• Wing from 1/16 x 3. Span 14 inches. Simple V dihedral with the wing tapering from 3 inch wide at the root to 2.5 at the tip raked back on the leading edge only. Join the two panels with one flat and the other 2.5 inches in the air.
  • Fuselage stick made from 1/4 x 1/2 balsa. Taper from the nose all the way to the tail so it is 1/4 x 1/4 at the tail. Length 12 inches.
  • Stabilizer will be 6 inch span with a straight trailing edge and have a 2 inch chord at the root and taper to 1.5 at the tips. The tail surfaces should be made from 1/32 wood or you can sand the 1/16 down quite aggresively to thin them and lighten them.
  • Fin will be from 1/32 or sanded down 1/16 as well and be 2 inches high, 2 inches chord at the root and 1.5 inches at the tip.
  • Glue the stab onto the bottom of the stick. Note that you get your decalage angles automatically from the taper of the stick. Now glue the fin onto one side of the stick for a nice strong joint.
  • Mount the wing to the fuselage so that the leading edge is 3.5 inches back from the nose. Because of the dihedral joint you'll want to cut a shallow V in the top of the stick so there is a tighter glue joint. THis is one spot where some 5 minute epoxy is good to use so it fills the joints.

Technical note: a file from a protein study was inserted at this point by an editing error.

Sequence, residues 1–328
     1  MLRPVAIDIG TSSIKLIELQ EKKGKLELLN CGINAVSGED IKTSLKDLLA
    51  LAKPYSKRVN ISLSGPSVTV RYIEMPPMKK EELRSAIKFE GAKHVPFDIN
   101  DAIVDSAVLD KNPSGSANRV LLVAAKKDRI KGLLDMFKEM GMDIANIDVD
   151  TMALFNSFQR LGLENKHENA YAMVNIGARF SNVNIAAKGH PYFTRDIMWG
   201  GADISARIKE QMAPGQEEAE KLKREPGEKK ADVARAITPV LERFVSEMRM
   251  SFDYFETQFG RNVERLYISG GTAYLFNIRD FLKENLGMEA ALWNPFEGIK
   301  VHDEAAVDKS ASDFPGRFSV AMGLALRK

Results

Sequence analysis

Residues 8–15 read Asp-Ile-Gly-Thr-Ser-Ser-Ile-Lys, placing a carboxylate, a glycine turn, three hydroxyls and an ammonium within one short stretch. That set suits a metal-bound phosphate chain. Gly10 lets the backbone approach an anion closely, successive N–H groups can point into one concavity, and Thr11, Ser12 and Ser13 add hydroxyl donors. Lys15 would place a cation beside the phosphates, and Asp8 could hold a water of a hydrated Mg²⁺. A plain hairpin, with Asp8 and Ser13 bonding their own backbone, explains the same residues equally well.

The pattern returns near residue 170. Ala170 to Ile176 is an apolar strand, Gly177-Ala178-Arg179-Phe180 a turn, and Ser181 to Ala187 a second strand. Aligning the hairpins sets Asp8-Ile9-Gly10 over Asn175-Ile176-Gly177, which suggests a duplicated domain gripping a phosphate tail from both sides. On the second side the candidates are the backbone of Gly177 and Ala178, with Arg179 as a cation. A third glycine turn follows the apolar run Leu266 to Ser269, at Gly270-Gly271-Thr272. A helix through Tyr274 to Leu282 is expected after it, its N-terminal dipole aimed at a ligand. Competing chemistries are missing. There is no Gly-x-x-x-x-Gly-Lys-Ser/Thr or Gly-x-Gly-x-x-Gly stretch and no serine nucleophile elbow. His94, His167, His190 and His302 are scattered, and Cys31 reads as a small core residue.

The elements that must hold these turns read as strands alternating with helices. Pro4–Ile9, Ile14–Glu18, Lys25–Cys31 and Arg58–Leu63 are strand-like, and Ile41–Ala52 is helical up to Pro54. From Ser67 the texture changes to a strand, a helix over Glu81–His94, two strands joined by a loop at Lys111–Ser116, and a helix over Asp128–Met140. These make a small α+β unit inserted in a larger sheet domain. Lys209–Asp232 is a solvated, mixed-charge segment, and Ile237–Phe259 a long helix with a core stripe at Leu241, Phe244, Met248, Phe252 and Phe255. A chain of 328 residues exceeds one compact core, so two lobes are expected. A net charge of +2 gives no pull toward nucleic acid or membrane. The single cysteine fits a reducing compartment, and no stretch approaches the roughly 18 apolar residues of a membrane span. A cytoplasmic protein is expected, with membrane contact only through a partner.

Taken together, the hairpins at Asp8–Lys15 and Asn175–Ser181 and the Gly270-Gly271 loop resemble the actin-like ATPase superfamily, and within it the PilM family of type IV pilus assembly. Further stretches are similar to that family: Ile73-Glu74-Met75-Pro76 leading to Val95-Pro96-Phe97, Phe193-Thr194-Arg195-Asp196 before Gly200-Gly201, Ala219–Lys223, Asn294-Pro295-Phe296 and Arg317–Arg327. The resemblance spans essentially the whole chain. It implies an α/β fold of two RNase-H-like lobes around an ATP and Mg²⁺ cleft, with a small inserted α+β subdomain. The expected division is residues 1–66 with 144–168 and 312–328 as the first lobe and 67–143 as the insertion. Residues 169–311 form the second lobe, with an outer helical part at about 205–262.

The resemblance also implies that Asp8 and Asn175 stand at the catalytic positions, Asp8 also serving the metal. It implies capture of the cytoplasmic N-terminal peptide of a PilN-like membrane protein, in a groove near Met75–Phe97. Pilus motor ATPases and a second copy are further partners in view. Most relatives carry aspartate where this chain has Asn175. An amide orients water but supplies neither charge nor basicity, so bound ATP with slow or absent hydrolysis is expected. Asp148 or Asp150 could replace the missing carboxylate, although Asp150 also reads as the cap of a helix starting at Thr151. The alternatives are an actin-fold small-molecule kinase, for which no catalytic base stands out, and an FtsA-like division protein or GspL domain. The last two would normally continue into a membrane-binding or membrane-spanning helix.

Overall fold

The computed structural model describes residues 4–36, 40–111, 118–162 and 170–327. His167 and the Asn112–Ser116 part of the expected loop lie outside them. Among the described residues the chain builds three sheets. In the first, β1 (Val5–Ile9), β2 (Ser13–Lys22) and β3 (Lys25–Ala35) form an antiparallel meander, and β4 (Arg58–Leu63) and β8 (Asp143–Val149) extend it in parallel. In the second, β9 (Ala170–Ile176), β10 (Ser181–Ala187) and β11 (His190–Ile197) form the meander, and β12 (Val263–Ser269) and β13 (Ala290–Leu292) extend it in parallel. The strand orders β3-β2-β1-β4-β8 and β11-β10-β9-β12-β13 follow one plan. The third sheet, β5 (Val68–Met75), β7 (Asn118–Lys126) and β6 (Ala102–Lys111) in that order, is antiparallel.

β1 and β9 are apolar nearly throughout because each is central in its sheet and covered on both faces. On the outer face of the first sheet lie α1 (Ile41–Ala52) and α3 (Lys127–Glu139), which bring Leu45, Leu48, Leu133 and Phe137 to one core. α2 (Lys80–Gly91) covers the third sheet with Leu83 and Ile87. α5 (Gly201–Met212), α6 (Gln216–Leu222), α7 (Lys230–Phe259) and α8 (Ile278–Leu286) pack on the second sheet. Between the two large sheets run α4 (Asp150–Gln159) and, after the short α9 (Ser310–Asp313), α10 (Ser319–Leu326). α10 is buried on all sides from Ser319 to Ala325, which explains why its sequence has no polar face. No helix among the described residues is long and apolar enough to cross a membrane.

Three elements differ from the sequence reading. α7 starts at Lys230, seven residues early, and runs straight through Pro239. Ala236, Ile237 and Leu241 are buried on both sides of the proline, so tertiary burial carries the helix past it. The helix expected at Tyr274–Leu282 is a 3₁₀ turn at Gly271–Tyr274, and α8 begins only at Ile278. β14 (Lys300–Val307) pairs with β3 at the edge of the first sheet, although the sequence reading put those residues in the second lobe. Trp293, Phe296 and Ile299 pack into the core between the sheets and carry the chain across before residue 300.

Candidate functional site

• Use some modelling clay to balance the model at around 1 inch back from the leading edge. Then test glide it and alter the nose weight until it has a nice glide.
  • Throw it like your grin depends on it...

There's some other fine details like using your moist warm breath to warp in some turn into the fin and some washin on the inside wing. Set up the model for a right handed launch so it turns to the left in about a 50 foot diameter circle. For a southpaw launch to the left set up the model for a right hand turn. That way it crosses over on the launch and avoids becoming a lawn dart.

Throwing is fine but a #32 rubber band or two with a little stick makes a great catapult launcher. Link them together to be longer rather than wider. A small finishing nail glued into the belly of the model a little bit in front of the leading edge of the wing so it sticks out about 1/4 inch works well.